Thyroid autoimmunity in pregnant Nigerians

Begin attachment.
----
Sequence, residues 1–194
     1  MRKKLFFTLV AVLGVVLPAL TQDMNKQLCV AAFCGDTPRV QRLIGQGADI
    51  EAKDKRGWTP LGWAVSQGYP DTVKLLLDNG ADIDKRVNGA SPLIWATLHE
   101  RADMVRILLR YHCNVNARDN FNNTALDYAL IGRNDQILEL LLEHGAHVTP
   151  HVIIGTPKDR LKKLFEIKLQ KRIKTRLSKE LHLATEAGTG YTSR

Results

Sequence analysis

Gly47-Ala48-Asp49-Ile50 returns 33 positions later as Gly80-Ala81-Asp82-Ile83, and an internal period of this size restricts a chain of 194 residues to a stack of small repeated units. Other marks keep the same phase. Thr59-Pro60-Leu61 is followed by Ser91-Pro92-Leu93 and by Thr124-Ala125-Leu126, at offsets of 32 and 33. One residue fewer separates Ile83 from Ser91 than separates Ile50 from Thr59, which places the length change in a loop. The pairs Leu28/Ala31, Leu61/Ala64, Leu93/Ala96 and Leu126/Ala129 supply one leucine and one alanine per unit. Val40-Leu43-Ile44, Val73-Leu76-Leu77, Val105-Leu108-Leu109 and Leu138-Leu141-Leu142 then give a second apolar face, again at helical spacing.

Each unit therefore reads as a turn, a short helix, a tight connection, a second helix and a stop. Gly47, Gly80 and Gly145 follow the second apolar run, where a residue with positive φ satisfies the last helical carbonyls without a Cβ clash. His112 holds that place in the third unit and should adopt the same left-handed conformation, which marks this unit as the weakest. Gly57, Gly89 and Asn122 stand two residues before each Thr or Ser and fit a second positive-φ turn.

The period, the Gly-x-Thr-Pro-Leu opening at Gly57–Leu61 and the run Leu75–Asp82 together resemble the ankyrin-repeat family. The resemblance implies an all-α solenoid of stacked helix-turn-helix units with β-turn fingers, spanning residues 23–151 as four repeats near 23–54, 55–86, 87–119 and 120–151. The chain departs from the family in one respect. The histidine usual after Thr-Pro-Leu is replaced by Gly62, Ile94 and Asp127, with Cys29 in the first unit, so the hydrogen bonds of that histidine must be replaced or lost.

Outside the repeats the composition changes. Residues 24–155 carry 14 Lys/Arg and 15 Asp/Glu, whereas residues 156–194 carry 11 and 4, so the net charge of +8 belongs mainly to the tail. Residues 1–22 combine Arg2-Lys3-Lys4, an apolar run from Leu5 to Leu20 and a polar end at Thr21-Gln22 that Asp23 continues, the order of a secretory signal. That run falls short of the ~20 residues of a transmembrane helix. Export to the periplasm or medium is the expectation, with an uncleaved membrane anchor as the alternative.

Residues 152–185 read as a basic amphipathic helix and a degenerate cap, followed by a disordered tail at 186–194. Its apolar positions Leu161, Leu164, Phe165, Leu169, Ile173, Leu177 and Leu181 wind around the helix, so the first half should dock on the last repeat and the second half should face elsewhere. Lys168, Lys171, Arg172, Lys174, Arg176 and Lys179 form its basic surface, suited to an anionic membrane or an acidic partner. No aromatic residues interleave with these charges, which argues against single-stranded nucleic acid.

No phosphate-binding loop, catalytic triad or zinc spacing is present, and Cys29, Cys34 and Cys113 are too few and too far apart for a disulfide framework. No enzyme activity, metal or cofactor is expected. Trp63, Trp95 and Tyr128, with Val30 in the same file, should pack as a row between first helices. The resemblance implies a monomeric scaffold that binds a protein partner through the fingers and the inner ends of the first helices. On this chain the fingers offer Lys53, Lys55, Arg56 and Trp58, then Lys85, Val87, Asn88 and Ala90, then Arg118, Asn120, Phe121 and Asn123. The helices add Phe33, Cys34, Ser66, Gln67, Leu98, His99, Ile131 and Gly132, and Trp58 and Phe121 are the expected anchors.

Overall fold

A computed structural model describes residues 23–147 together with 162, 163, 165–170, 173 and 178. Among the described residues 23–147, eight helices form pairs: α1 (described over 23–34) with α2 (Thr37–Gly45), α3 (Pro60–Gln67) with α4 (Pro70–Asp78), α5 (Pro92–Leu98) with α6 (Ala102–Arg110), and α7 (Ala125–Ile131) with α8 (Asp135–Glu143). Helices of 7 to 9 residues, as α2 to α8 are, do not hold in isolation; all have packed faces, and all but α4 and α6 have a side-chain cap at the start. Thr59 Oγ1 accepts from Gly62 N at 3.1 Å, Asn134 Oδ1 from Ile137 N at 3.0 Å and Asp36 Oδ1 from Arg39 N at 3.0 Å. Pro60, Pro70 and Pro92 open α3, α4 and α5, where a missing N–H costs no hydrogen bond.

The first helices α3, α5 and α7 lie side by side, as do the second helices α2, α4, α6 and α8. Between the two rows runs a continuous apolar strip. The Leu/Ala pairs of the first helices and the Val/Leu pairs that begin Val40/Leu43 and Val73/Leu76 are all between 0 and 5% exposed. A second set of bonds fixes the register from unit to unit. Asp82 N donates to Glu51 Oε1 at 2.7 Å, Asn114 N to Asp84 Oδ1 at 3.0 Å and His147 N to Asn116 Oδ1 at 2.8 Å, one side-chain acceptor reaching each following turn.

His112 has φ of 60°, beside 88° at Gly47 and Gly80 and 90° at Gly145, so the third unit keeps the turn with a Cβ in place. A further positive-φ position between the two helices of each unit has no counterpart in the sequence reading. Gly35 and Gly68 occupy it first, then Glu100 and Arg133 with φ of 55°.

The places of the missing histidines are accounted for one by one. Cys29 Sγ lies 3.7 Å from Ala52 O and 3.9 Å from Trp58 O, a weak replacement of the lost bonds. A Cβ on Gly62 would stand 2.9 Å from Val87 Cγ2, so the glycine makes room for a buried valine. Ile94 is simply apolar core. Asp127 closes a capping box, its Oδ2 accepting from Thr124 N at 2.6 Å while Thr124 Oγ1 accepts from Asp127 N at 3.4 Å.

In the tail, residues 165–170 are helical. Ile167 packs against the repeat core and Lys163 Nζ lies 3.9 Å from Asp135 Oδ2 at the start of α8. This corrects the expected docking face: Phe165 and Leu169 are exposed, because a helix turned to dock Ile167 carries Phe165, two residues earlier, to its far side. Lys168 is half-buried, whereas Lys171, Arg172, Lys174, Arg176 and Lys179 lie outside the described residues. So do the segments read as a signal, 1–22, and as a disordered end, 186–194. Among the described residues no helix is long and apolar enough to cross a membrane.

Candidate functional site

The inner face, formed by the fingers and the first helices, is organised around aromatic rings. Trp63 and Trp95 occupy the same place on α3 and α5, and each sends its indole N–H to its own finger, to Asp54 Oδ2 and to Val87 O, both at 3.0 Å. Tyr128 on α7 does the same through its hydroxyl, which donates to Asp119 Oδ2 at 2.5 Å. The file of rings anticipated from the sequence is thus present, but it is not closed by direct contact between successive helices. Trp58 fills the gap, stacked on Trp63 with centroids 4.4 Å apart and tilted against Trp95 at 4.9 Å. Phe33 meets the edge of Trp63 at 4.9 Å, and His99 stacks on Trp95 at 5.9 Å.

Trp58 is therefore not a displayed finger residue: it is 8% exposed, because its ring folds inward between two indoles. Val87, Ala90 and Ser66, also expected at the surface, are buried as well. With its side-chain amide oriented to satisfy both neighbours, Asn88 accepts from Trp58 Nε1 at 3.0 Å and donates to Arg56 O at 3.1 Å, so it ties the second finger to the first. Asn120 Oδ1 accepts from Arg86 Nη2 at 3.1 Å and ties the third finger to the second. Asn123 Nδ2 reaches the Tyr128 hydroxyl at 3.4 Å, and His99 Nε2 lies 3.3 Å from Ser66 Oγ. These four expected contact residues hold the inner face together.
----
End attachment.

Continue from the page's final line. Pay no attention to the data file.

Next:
Context: Thyroid autoimmunity is a recognized disorder in pregnancy and is associated with a number of adverse pregnancy outcomes. Aim: This study set out to determine the relationship between pregnancy and thyroid autoimmunity in Nigerian women. Settings and Design: This was an analytical cross‐sectional study carried out in a tertiary hospital in South Western Nigeria with a total study population of 108 pregnant and 52 nonpregnant women. Subjects and Methods: Serum thyroid stimulating hormone, free thyroxine and thyroid peroxidase antibodies (TPO‐Ab) were quantitatively determined using enzyme linked immuno‐assays. Pregnant women were grouped into three categories (<14 weeks, 14–28 weeks and > 28 weeks). The relationship between pregnancy and thyroid autoimmunity was determined using Spearman correlation. Analysis of variance was used in comparison of means, Chi‐square test used in analyzing proportions while P ≤ 0.05 was considered as significant. Results: The mean age of the pregnant women was 30.4 ± 6.0 years while the mean gestational age of all pregnant women was 20.6 ± 9.6 weeks. The mean TPO‐Ab of 11.58 IU/ml in the pregnant was significantly higher than that of the controls of 7.23 IU/ml (P < 0.001). Out of 108 pregnant women, 27 (25%) had elevated TPO‐Ab as against about 2% of the nonpregnant women levels P < 0.001. The number of pregnant women with elevated TPO‐Ab levels decreased from 33.3% in the first group to 25.6% and 15.2% in the second and third groups. Conclusion: Thyroid autoimmunity expressed by the presence of TPO‐Ab is high among pregnant Nigerian women and the frequency of autoimmunity appears to decline with advancing gestational age.